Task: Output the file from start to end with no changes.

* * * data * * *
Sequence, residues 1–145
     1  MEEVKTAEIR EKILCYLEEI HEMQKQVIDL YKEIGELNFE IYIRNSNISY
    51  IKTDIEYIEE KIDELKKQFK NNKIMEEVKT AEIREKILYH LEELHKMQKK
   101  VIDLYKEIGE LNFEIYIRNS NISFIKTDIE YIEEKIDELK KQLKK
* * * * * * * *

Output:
Sequence, residues 1–145
     1  MEEVKTAEIR EKILCYLEEI HEMQKQVIDL YKEIGELNFE IYIRNSNISY
    51  IKTDIEYIEE KIDELKKQFK NNKIMEEVKT AEIREKILYH LEELHKMQKK
   101  VIDLYKEIGE LNFEIYIRNS NISFIKTDIE YIEEKIDELK KQLKK